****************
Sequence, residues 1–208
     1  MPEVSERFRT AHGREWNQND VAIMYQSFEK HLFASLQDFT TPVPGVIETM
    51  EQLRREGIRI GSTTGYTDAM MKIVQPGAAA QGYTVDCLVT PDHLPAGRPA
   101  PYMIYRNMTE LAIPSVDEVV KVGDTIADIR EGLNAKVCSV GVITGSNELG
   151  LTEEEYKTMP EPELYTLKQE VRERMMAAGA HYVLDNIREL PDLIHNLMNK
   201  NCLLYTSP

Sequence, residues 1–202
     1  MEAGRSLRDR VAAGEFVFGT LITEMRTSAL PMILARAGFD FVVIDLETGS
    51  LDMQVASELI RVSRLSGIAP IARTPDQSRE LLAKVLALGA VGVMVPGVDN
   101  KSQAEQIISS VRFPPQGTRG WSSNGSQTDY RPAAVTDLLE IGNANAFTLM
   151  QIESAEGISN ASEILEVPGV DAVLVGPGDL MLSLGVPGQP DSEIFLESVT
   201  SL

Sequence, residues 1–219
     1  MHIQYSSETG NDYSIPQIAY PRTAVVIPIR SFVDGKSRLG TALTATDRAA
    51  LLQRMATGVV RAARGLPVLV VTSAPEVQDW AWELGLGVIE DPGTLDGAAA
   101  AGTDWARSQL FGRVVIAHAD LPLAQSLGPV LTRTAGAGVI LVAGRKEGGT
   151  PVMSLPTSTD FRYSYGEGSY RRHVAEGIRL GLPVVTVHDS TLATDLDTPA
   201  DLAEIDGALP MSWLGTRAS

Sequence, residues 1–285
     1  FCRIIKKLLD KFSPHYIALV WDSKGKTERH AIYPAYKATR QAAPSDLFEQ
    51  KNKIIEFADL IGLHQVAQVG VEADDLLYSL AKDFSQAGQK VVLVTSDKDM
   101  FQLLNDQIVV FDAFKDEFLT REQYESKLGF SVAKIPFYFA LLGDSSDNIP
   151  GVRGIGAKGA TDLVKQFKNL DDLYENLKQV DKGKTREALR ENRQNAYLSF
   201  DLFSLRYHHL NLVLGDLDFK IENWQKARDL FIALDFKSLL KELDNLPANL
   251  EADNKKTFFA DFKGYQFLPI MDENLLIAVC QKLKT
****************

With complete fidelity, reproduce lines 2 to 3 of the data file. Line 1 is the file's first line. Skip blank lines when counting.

     1  MPEVSERFRT AHGREWNQND VAIMYQSFEK HLFASLQDFT TPVPGVIETM
    51  EQLRREGIRI GSTTGYTDAM MKIVQPGAAA QGYTVDCLVT PDHLPAGRPA